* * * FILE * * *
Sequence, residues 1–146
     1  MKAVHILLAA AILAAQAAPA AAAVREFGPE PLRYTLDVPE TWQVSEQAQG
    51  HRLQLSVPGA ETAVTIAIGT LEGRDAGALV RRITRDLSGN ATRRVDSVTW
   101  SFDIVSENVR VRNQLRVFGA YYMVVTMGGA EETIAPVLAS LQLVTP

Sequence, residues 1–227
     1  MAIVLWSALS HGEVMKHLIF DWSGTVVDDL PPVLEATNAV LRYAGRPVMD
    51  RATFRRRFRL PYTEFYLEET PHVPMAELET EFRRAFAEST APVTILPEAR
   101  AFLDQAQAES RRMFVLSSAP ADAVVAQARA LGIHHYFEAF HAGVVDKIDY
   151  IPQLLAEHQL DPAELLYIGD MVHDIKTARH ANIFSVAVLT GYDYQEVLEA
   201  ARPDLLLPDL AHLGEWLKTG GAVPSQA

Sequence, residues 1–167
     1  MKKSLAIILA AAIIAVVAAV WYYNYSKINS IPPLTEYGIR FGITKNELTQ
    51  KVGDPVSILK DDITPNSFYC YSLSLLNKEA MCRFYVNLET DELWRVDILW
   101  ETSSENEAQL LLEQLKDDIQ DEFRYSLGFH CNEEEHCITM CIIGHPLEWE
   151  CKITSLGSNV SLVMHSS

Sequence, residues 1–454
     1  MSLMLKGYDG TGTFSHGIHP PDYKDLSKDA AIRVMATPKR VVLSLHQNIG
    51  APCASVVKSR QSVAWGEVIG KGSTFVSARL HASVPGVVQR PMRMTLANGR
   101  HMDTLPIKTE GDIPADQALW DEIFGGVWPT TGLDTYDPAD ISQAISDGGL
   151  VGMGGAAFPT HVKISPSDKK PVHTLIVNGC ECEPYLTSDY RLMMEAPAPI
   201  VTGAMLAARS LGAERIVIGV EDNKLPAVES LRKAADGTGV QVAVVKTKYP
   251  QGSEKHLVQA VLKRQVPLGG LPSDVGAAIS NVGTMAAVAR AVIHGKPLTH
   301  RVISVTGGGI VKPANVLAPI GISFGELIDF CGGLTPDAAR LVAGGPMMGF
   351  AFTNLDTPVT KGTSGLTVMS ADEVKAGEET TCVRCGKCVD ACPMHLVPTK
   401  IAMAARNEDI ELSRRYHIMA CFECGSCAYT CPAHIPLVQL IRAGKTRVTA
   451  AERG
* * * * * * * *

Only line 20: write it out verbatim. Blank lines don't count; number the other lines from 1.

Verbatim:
   151  VGMGGAAFPT HVKISPSDKK PVHTLIVNGC ECEPYLTSDY RLMMEAPAPI